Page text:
Baseball has survived some very serious scandals in the past, too. And the other steroid shoe drop ---a grand jury indictment-- may not have much impact on the vicarious hero worshipping conscience of the average fan, excusing or forgetting past legal or moral infractions. However, back in the early formative baseball days, in the early teens and twenties of the last century, the owners took no chances in the face of a major gambling scandal involving the Chicago White Sox and the world series of l919. Eight White Sox players were involved and confessed, although they were later legally absolved later on when officially brought to trial. But the owners, upset by the bad publicity, appointed a Federal Judge of impeccable integrity-----whose name certainly connoted that feeling---Kenesaw Mountain Landis. He was given almost unlimited power, and was nicknamed, behind his back, as the “Czar”. He was a mixed blessing, however, keeping the game free from the taint of gambling corruption but also instilling his racist anti negro bias and preventing black players entrance into baseball until his retirement. And being very activist on many more levels than the owners would have liked. While the owners continued the practice of a commissioner overseer, the powers delegated to his office were considerably modified after Landis retired.
And that old
devil gambling arose to haunt another baseball commissioner many years later. This
time in the person of Pete Rose,
one of the most talented hitters of all time, with his total of 4,256
hits in his career probably never to be
surmounted. The trouble with
Rose was that he was an inveterate gambler,
and denying this as relating to
his baseball activities. Finally after two private detectives, hired by the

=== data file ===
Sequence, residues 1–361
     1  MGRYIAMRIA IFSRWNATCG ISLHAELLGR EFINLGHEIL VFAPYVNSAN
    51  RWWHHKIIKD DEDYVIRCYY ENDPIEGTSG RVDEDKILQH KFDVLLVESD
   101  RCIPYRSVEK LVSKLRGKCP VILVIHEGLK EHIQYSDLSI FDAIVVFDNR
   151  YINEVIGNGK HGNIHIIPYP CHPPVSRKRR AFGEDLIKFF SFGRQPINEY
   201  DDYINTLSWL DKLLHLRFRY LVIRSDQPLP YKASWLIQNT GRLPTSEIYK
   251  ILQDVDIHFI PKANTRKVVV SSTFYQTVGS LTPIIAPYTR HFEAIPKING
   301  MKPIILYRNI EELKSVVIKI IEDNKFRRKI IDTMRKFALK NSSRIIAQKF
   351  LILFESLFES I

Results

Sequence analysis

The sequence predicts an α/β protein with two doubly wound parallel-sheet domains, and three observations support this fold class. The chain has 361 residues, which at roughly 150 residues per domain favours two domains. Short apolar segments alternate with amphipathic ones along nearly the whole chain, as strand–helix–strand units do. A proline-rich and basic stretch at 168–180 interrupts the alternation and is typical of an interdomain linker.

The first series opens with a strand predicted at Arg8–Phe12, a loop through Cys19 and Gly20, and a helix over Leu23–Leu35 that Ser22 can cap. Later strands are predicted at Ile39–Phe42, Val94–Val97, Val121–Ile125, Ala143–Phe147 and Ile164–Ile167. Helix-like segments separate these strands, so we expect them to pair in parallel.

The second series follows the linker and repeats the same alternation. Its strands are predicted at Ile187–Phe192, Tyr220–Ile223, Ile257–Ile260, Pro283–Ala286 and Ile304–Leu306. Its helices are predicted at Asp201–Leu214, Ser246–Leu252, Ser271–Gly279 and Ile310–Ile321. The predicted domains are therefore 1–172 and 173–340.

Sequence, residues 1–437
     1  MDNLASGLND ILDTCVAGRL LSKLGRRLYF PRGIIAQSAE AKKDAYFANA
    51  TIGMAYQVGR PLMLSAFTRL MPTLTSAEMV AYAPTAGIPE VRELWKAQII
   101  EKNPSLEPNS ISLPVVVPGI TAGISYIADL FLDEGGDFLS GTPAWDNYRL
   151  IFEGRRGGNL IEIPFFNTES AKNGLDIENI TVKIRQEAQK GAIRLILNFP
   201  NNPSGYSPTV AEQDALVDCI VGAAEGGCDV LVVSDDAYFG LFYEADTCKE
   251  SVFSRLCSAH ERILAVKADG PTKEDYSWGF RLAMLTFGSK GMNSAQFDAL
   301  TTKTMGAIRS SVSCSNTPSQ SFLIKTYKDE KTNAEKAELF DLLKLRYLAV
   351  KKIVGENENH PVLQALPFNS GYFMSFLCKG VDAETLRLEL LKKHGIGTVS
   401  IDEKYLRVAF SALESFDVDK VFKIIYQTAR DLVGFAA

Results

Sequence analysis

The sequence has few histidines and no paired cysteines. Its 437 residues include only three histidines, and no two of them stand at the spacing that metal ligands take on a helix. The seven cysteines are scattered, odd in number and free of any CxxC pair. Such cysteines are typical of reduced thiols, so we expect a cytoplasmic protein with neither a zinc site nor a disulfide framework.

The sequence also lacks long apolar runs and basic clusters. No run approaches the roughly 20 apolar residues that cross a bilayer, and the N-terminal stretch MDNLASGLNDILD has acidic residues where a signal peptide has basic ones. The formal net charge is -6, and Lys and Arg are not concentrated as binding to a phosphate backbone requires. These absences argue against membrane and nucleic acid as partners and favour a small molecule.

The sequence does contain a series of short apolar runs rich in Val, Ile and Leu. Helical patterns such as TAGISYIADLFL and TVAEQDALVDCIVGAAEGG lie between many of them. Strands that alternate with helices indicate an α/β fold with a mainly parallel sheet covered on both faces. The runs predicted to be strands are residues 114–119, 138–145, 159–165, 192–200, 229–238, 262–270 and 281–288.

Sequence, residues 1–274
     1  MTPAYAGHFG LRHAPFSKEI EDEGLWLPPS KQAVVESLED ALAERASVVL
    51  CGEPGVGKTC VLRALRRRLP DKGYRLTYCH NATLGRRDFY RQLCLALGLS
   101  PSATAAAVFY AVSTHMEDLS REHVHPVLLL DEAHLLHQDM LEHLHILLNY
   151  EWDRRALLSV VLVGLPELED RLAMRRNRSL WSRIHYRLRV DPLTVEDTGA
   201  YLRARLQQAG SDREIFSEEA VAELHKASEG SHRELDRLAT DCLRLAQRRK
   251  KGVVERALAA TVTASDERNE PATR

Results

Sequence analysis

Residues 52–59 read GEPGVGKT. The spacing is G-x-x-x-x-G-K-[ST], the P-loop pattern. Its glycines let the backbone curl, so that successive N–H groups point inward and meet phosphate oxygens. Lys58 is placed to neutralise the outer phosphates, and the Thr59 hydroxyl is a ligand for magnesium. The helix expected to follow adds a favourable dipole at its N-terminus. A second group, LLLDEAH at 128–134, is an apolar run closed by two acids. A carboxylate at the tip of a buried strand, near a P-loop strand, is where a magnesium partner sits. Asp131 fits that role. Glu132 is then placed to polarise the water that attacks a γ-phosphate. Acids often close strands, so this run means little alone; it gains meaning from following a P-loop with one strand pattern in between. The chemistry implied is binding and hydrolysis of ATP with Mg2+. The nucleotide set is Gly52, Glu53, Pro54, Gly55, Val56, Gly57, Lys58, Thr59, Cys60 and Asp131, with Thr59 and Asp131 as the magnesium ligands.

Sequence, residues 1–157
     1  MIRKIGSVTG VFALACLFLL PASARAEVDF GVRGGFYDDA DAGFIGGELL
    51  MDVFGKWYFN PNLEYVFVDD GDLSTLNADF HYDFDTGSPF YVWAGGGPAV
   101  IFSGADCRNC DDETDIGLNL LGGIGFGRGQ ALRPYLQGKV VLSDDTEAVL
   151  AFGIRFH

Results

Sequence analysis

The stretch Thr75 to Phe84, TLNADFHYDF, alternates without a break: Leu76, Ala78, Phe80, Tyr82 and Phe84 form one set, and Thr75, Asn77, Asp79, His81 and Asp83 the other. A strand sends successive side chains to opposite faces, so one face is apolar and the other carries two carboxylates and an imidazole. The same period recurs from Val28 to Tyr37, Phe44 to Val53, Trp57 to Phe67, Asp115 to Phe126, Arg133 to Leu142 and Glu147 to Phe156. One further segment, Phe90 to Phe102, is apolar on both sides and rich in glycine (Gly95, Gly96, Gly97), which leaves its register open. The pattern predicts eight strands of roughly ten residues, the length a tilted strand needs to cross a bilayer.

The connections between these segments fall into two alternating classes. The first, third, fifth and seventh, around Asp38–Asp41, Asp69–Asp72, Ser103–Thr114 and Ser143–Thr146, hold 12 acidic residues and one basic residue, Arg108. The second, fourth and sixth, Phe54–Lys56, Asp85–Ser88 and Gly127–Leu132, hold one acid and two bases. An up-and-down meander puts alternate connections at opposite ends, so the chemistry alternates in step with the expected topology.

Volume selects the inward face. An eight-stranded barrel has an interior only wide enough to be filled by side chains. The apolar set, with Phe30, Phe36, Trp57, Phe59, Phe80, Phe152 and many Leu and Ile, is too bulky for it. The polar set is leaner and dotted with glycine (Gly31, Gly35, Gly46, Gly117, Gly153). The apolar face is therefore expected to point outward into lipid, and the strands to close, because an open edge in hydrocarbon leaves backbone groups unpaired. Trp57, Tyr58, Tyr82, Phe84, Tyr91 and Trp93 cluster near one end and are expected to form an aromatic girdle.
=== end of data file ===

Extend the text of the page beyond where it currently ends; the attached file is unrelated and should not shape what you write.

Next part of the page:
newly appointed commissioner of baseball, Bart Giamatti, came up with the actual betting slips of
Rose’s activities, did Rose grudgingly admit to his incessant gambling. But never on his team, the
Pete Rose is still around and still is trying for some form of baseball immortality in the form of admission to the Baseball Hall of Fame, based on his proven record of accomplishment on the playing field. So far the moral greatness of Bart Giammetti still bars the way.
Which brings us back to Barry Bonds and the other “steroid shoe” And does it matter? There is an apocryphal story of a tearful little boy looking up to shoeless Joe Jackson for his part in the White Sox betting scandal----“Say it’s not true, Joe---please!” Of course, the compromise is always to have these drug contaminated records with asterisks and explanatory foot notes denoting drug enhancement complicity. And it is also factual to understand that drug enhancement is a creeping phenomenon in all of sports; it is a growing problem in track and field and in long distance biking and perhaps in other strength and endurance competitions. But we need not relent if at all possible. Surely steroid and other performance enhancing drugs can be detected with a reasonable amount of due diligence. And as for gambling the Giammatti treatment is still a beacon of hope for us all.
Squeaky clean it may never be, but a durable compromise that we can all uphold must be attained, so that when Casey at the bat for fear old Mudville strikes out with the bases loaded we know it was despairingly real, and that the song “….Take out to the ball game, Take me out to the crowd,….Let me root, root ,root for the home team….If they don’t win it’s a shame. For it’s one, two, three strikes you’re out….At the old ball game.” still evokes a true mystique about our national pastime.
And , hopefully, that five o’clock shadow on the face of baseball will be no more.